(So thanks for commenting, is what I’m trying to say.)
Loved the episode, but…
The way you’re talking about “new Marvel readers who came in because of the movies, and at least till now Marvel has done well with making the comics resemble the movies” (paraphrasing)—Uh, WHAT?
Are you guys actually seeing an influx of new readers due to the movies? This is actually happening in a statistically meaningful way for the first time since ’89 Batman? I’ve heard no talk of this and am seriously wondering if I missed something.
In what ways has Marvel aligned the comics with the movies in ways that allow notable amounts of new readers to hop on board? Aside from Nick Fury Jr. and the increased presence of Maria Hill (though she became a big deal in the comics years before the movies), I’m not seeing it. Anywhere. At all. And to be blunt I don’t think that the S.H.I.E.L.D. characters matter in terms of gaining new readers. The Avengers comics have not resembled the movies, aside from that “Avengers Assemble” title from 2012 that did nothing in the marketplace. Cap in the comics has been an ageing man and then Sam Wilson. Iron Man has been same old same old, basically, and his comic is not popular. Thor is a woman in the comics. So, like, where is this assertion coming from that “Marvel has done such a good job of transitioning movie fans into the comics and making it easy, but oh no now All-New All-Different might screw that up because there aren’t enough gay characters”? I just don’t see the underlying logic or premise.
I think you guys might be falling into the trap of thinking that the critics on Tumblr and Twitter represent far, far more of the reading public than they actually do. I say that not as a bitter old man but as someone who was reading gay/bi/trans characters when I was a 12-year-old, because I read Sandman when I was 12. And I have to wonder whether Sandman circa 1993 remains the title-holder for most mainstream representation of LGBTQ characters in comics, because I’m pretty sure Sandman’s reach was way longer than Al Ewing’s or Kieron Gillen’s.
When you say that it’s a sad state of affairs that 60% of Marvel’s LGBTQ representation is tied up in a single title, I also have to wonder how that is any different from what it’s ever been like for the last 25 years or so, ever since Northstar came out of the closet and it became known that Mystique and Destiny were lovers. Don’t get me wrong, I DO want more LGBTQ characters, but I’m not seeing this underlying premise that what we’re seeing now is a huge step backwards. There just haven’t been any meaningful steps forward since then.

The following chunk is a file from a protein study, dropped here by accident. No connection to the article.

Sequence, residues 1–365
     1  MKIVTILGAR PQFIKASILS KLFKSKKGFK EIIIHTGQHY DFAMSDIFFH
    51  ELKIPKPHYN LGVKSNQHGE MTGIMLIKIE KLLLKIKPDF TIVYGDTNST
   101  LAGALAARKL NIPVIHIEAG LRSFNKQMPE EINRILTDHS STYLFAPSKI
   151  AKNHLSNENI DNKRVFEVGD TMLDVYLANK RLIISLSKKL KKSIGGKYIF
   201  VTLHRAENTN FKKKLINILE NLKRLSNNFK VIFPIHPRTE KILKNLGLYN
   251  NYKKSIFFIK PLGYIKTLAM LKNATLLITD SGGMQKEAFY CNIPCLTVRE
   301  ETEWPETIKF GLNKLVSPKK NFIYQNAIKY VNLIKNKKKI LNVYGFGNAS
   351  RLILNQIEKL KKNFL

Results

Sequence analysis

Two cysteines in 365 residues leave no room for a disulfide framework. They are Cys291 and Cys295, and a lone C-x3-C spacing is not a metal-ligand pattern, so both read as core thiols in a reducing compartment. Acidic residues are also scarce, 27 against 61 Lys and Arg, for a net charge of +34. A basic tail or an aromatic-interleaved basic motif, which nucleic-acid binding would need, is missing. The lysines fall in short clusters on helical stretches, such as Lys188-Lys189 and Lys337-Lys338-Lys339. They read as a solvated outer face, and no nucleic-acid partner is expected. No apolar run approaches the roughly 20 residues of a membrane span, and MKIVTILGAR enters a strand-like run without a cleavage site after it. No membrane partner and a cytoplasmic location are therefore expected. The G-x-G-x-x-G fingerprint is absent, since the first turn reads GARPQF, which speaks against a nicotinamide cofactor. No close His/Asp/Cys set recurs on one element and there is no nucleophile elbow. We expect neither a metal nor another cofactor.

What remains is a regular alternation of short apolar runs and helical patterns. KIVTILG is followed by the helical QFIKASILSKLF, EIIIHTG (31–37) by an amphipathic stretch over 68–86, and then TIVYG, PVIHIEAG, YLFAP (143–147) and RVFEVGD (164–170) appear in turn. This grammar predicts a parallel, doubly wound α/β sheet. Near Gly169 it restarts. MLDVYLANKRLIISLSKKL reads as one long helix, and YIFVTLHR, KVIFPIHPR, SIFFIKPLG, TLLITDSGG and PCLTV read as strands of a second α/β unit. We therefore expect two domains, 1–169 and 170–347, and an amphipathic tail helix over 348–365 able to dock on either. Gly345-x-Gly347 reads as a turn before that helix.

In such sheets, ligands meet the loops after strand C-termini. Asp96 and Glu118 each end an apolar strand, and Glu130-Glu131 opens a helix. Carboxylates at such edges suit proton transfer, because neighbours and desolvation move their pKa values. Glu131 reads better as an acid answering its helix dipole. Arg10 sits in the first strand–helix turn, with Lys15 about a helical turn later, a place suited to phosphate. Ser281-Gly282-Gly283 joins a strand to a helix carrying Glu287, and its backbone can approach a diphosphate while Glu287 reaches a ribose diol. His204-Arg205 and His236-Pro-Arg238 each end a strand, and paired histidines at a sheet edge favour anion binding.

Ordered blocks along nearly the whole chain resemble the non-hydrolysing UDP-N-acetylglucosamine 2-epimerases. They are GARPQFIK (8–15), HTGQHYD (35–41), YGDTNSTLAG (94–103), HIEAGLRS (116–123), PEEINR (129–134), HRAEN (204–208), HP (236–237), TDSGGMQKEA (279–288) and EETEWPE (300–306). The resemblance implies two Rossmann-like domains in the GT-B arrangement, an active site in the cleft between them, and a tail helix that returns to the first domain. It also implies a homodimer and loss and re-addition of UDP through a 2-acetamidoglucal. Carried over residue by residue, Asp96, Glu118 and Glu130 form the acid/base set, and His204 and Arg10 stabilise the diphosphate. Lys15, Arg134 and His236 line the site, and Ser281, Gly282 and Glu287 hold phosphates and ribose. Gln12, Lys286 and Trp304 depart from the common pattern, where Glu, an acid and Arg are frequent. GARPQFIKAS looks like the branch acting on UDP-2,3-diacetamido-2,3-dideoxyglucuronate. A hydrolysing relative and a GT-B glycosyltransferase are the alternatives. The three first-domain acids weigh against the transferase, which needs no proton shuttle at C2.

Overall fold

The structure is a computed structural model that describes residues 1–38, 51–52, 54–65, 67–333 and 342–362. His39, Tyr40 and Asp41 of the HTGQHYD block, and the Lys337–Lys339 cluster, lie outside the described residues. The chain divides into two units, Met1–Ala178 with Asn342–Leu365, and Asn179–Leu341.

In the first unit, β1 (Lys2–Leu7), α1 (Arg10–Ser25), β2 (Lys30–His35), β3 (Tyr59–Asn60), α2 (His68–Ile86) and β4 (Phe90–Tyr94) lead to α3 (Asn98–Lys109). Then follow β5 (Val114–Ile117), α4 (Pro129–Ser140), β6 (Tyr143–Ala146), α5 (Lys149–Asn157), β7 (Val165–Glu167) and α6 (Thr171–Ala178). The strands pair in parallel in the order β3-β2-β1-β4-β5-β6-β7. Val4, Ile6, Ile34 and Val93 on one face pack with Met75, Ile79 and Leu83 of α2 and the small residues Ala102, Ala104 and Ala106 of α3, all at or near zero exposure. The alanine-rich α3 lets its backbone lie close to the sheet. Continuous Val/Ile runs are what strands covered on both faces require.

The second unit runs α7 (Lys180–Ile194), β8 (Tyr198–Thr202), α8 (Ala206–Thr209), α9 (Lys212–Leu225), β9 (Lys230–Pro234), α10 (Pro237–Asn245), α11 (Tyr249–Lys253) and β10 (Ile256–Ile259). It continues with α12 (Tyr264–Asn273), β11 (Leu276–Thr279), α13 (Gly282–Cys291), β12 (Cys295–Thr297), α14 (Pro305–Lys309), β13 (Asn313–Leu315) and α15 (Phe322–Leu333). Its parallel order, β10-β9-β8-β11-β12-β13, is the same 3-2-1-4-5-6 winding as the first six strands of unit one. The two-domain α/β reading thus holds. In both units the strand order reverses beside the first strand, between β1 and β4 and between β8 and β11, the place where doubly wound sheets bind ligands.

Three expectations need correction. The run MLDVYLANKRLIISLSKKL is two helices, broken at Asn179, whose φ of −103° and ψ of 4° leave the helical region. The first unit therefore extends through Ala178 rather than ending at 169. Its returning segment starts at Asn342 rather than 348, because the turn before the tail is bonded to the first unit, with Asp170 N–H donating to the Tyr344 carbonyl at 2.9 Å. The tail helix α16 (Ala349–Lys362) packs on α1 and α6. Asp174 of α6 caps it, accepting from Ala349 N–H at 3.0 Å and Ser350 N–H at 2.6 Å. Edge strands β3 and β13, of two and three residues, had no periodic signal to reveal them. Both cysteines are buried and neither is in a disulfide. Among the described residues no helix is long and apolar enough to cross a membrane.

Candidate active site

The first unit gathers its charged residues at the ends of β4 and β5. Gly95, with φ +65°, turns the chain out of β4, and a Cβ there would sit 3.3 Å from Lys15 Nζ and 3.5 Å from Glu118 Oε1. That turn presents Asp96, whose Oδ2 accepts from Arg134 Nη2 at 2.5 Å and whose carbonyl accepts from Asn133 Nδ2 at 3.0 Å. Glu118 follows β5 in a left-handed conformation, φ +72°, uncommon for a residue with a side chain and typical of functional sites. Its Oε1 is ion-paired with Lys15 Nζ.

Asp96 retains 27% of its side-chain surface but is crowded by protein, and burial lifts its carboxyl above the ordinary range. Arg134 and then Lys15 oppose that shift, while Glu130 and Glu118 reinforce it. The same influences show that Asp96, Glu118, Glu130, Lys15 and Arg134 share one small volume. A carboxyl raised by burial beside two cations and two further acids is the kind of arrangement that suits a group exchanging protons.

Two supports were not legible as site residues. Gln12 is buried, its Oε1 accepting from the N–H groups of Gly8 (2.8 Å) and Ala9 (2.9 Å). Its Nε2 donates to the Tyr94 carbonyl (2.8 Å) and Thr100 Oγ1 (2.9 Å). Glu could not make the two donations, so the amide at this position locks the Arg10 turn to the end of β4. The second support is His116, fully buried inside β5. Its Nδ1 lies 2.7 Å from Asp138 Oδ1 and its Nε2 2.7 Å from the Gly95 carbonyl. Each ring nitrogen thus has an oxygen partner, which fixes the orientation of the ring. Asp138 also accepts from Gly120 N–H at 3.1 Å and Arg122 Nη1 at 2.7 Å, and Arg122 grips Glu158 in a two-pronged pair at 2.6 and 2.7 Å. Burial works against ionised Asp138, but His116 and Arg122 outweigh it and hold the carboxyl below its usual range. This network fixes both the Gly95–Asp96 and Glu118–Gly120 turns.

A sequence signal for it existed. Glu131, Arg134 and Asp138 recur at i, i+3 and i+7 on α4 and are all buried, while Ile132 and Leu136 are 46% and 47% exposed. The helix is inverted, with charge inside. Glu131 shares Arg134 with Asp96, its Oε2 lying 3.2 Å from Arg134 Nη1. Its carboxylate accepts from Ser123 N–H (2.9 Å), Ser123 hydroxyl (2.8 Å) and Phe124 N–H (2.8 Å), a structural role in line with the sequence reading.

For one, Iron Man’s been written pretty specifically as if Robert Downey Jr was right there narrating since…oh, the Matt Fraction days. I mean, I have no idea about the Tom Taylor run, but I’d say that held true with Gillen’s stuff, too.
And speaking anecdotally…I’ve got a friend who’s been constantly coming to me with recommendations for various characters, and, to a man, they’re characters with movies coming out. He’s got the first volume of Priest’s Black Panther on preorder, he’s been reading Hickman’s Fantastic Four and Avengers runs, he’s got a ton of Daredevil and Alias on deck…he’s probably brought Marvel a few hundred dollars of revenue in just the past couple months. He isn’t a Wednesday shopper, or even a single issue shopper, but man, he’s most definitely becoming a comics fan.
On Tumblr I’ve seen people saying that they got into comics because, in part, of the movies. i know IRL a few people for whom that is the case. I’m not sure if this is exactly as it was in 1989, rather, as the guys said in podcast, it’s because with the movies Marvel created a much stronger and cohesive brand, which attracted loads of people. And their very
goodsuccessful marketing spins, where in pas few years they constantly came off as progressive and enlightened helped bring new readers.
As for the synchronization, apart from Iron Man, there’s also Thor and Loki who have been moved closer to their movie counterparts (also thanks in part to Fraction and Gillen). The Captain America movies are greatly inspired by the Brubaker run. When Bendis came to Guardians of the Galaxy the characters were redesigned (Star-Lord especially) to bring them closer to the movie version, and the other spin-offs feel more like Guardians of the Galaxy Movie licensed comics. There’s a new Ant-Man comic with Scott Lang as the main character where he’s a loser superhero.
Fave ep in a while. So many comics.
Damian is a really good book, in my opinion. Sure, Gleason has completely lost the plot, and he writes Damian’s dialogue by the bratty numbers, but having him draw Damian and a big monster and essentially an acid trip is well worth the money. And now Damian’s gunna have a human pal too. It could be much worse. It just seems like Gleason is putting perhaps two or three arcs in at once, so that if the book were to get cancelled, he gets all his ideas down anyway.
E for Extinction is also great post Morrison stuff (PoMo). Burnham, Villalobos, and the artist on covers are all top notch quitely-esque artists in their own right, and Burnham, turns out, can write a damn comic too.
I remember trying the Pollack run on Doom Patrol because Linda Medley was drawing it, but quickly giving up because Graham Higgins was such a mismatched inker. Graham’s a great cartoonist in his own right, but is was one of those combinations which didn’t serve either artist.
I love Veitch’s Rare Bit Fiends. If I’m sorting my comics, I can just stop and spend a happy 15 minutes enjoying the covers alone.